Fynbos on Grootbos
For more than a decade Grootbos staff have been busy with a unique long-term vegetation study, quite possibly the most detailed ever undertaken in the fynbos region. The plant survey of our reserve has included all seasons and all stages of post-fire succession. At latest count the number of positively identified, herbarium-catalogued plant species on Grootbos was a staggering 765 species on just 1800 hectares. Eighty three of the species found are species of conservation concern, while a total of six species new to science have been recorded. The deeply significant ecological role of fire in fynbos was emphasised by the way the checklist jumped from 680 species to 750 after the huge 2006 blaze that swept through Grootbos – 70 new species for our list as a result of post-fire successional processes. The reserve is home to a wide variety of vegetation types including critically endangered Overberg sandstone fynbos, endangered milkwood forests, afromontane forests tucked away in fire proof kloofs, locally rare Agulhas limestone fynbos restricted to the limestone outcrops of the area, Overberg dune strandveld near the coast and wetland vegetation.
New plant species first recorded on Grootbos
A total of six species new to science have been recorded during our vegetation survey of the Reserve. These are briefly described below. For a full description of these and other plants on Grootbos contact us to order our "FIELD GUIDE TO THE FLORA OF GROOTBOS NATURE RESERVE AND THE WALKER BAY REGION".
Erica magnisylvae (Ericaceae)
This species was first found by Sean Privett on Grootbos during the original vegetation survey of the Reserve in the winter of 1997. It was described by Ted Oliver of the Compton Herbarium who named it with reference to its discovery on Grootbos; magnisylvae = of the large forest in classical Latin. It has so far only been recorded on Grootbos with an outlying population on the damp slopes above Platbos Forest to the south east.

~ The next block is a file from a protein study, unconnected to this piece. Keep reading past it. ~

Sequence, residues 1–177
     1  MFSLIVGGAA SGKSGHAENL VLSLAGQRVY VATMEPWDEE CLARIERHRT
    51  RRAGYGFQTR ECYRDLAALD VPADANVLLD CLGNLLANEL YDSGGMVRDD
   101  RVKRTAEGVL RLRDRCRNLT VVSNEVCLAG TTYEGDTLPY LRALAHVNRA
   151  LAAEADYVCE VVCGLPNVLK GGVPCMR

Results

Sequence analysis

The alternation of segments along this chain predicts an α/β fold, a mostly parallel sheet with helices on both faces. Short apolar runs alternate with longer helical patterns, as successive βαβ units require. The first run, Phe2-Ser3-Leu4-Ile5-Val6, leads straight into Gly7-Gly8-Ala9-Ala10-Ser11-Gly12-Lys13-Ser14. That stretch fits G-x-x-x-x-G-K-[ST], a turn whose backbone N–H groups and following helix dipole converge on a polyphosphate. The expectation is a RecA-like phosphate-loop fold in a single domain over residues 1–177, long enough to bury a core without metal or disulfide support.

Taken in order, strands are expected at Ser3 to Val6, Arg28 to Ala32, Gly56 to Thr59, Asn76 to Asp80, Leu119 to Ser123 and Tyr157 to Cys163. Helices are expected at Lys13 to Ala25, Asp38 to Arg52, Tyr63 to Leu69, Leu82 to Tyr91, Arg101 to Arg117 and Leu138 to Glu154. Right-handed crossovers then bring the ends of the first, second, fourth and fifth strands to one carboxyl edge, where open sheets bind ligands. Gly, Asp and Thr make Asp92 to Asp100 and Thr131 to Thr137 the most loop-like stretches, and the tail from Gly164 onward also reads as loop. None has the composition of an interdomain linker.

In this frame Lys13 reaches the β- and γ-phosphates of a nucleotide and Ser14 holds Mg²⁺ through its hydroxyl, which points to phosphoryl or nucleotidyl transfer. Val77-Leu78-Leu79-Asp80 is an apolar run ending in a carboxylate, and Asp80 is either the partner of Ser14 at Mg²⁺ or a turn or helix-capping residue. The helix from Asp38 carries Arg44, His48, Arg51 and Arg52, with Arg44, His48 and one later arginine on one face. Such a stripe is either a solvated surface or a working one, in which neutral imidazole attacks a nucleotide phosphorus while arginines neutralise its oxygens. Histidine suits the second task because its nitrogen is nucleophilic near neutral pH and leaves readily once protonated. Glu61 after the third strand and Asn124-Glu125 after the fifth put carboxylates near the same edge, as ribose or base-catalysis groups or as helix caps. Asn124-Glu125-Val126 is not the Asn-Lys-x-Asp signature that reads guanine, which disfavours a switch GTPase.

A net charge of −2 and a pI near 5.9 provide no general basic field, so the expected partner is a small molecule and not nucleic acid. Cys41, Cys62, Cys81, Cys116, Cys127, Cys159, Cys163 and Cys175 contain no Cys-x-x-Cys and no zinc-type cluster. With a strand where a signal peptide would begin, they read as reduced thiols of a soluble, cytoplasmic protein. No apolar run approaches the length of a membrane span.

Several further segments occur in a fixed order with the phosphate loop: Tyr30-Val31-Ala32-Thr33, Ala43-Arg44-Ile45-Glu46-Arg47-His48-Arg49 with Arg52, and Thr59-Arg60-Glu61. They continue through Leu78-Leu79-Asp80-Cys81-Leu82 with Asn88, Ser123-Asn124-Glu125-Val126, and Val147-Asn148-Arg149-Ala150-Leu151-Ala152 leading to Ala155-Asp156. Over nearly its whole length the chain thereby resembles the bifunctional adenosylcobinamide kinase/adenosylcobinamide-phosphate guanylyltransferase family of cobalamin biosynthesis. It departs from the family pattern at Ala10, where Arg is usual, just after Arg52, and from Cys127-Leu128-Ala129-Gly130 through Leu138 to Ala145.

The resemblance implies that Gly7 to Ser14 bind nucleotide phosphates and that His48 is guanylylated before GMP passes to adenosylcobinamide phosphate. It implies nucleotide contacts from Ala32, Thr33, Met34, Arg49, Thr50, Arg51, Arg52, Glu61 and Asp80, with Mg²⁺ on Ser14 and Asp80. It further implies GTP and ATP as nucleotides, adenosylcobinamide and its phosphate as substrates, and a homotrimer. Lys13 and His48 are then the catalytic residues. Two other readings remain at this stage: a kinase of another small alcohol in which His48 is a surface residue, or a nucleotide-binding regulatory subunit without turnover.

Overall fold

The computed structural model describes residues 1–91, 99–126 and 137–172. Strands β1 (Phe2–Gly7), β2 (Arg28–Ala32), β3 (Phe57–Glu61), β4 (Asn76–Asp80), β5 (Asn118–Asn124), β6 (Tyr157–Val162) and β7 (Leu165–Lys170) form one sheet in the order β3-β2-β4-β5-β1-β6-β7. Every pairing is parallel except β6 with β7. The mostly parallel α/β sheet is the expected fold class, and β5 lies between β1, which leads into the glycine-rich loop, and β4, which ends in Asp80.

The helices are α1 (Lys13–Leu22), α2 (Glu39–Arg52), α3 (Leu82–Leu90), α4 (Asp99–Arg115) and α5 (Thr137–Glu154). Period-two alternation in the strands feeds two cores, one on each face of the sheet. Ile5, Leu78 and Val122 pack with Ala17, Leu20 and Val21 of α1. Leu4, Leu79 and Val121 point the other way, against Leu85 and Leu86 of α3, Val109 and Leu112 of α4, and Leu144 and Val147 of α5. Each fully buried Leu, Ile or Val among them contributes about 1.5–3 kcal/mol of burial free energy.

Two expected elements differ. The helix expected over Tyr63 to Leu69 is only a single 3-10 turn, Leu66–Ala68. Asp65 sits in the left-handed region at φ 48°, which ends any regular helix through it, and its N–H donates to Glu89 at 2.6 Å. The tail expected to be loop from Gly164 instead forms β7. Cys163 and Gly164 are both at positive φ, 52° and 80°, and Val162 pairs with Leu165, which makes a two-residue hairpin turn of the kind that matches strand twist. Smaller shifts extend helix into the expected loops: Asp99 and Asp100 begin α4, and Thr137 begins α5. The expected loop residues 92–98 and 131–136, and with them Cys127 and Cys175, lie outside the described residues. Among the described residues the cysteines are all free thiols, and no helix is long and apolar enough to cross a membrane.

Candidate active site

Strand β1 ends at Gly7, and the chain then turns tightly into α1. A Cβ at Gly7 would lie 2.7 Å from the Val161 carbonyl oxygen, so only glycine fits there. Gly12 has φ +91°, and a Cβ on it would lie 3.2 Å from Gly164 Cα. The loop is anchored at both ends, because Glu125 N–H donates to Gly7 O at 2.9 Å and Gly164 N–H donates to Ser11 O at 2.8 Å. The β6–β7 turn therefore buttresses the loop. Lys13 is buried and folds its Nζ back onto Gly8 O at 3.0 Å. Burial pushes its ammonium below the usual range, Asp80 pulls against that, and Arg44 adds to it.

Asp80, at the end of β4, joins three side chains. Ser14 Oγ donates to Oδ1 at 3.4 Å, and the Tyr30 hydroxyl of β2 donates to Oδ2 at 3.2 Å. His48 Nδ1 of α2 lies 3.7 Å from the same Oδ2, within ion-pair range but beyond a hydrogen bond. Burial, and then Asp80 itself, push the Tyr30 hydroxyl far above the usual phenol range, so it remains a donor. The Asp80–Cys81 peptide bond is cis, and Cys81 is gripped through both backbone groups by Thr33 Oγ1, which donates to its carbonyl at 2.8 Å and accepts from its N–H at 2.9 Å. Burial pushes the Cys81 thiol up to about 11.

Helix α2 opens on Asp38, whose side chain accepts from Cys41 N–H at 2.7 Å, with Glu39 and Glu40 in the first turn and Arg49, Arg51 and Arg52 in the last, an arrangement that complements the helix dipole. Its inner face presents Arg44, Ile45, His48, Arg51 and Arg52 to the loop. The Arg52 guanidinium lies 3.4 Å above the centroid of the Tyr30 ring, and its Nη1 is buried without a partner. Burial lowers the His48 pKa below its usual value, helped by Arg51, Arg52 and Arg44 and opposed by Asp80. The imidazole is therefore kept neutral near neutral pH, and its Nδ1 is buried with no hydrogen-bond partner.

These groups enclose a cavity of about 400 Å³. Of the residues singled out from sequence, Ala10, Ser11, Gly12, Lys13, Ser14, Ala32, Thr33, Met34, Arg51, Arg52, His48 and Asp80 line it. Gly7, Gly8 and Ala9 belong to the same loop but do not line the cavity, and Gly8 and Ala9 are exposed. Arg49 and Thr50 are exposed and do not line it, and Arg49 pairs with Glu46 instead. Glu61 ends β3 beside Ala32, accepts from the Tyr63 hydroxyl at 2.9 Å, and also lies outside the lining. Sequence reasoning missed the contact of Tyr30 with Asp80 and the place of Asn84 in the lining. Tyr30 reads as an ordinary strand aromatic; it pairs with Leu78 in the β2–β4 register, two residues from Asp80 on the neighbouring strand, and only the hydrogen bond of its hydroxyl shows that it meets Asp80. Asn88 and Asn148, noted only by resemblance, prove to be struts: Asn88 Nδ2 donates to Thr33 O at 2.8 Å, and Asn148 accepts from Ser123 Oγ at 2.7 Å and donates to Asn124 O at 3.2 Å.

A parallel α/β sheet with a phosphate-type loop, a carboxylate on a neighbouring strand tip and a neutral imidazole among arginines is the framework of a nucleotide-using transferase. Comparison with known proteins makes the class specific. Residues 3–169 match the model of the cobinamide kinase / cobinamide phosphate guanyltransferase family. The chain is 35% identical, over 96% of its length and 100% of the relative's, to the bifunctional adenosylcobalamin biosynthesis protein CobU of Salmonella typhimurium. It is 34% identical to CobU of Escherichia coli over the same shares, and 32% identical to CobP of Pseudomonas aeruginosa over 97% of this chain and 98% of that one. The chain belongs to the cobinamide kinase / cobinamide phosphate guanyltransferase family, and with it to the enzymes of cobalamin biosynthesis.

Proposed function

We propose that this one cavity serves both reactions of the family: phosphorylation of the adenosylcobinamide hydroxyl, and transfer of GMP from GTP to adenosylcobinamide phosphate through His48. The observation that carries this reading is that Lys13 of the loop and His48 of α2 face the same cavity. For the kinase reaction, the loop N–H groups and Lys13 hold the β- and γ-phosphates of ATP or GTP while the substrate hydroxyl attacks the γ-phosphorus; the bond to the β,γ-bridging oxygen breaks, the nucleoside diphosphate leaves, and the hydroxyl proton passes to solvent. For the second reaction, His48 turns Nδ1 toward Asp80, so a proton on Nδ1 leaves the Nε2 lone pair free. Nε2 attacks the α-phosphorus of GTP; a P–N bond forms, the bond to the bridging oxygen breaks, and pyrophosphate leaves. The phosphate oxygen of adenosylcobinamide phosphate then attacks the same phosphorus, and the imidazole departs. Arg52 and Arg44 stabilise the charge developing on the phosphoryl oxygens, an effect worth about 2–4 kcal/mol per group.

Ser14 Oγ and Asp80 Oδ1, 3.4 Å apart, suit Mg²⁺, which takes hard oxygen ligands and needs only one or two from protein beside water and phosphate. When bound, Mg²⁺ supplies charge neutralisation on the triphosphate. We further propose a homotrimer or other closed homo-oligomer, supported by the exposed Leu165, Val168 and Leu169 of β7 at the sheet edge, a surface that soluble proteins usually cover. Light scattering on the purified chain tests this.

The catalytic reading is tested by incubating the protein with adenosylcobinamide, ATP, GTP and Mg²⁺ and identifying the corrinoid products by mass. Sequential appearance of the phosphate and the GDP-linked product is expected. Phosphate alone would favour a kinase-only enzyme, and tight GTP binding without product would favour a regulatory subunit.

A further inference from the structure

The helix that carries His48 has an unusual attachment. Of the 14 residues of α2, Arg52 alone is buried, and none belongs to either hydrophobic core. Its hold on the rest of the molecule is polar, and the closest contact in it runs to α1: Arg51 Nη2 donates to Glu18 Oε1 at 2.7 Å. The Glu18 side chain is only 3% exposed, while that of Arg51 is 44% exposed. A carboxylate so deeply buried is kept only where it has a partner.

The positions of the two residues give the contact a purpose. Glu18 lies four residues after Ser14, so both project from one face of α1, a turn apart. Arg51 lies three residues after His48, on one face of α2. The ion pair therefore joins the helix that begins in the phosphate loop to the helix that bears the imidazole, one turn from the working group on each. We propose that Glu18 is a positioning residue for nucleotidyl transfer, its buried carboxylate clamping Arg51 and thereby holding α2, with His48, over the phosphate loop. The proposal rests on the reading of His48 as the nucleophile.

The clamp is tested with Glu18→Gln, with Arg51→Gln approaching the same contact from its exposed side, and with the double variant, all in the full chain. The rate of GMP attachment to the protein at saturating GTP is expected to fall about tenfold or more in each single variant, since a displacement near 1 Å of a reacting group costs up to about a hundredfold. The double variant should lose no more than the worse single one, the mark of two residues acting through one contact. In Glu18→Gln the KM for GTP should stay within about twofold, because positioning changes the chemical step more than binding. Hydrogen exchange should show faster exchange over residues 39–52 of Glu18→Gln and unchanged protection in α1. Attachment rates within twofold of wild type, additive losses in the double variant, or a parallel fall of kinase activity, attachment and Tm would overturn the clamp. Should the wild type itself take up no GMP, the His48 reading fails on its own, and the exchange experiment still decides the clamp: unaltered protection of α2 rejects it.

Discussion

Cliffortia anthospermoides (Rosaceae)
At first sight this species may be mistaken for a member of the genus Anthospermum (Rubiaceae), hence its species name anthospermoides. It was first discovered by Anna Fellingham on Grootbos Nature Reserve in Overberg dune strandveld vegetation in 1996. Only four populations are known, all on or in close vicinity to Grootbos and only the population on Grootbos is protected.
Lachenalia lutzeyeri (Hyacinthaceae)
This species was first collected by Heiner Lutzeyer on the upper slopes of Witkransberg after a small fire in November 2004. It only flowers in the early summer following fire and is presently only known from the type locality on Witkransberg on Grootbos.
Pterygodium vermiferum (Orchidaceae)
First recorded on Grootbos on the path up to Swartkransberg at an altitude of 385m by Heiner Lutzeyer in 2003. Subsequent collections have been made on these western slopes of the mountain at three separate sites about 260 m apart, a second population is located along the road between Stanford and Gansbaai and a third population is at Die Kelders at an altitude of 50 m. The total known area of extent of this species measures just 5.5 by 3.0 km along an L-shaped range, the majority of which is conserved within the Grootbos Reserve!
Capnophyllum lutzeyeri (Apiaceae)
This species has only ever recorded on Grootbos.It was first located following the 2006 fire on acidic soils. No plants were found in subsequent searches suggesting that it is a short-lived, fire-induced, species.
Dasispermum grandicarpum (Apiaceae)
It is known only from Grootbos, where it was first collected by Heiner Lutzeyer in 2007 in fynbos vegetation that had burnt the previous year. No plants could be located in subsequent searches suggesting that the species may be a short-lived species, germinating, flowering and dying in the first year following fire.